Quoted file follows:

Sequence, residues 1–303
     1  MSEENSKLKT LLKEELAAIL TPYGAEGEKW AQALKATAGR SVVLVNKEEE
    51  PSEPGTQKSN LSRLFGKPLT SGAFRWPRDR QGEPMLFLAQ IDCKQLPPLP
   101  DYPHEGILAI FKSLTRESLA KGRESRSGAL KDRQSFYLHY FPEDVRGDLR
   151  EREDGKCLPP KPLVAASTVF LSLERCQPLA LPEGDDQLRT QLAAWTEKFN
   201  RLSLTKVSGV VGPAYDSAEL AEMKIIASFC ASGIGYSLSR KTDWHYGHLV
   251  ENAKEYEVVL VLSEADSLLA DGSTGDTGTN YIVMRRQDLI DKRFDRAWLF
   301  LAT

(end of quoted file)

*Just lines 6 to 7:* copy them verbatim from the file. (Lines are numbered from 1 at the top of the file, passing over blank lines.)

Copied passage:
   201  RLSLTKVSGV VGPAYDSAEL AEMKIIASFC ASGIGYSLSR KTDWHYGHLV
   251  ENAKEYEVVL VLSEADSLLA DGSTGDTGTN YIVMRRQDLI DKRFDRAWLF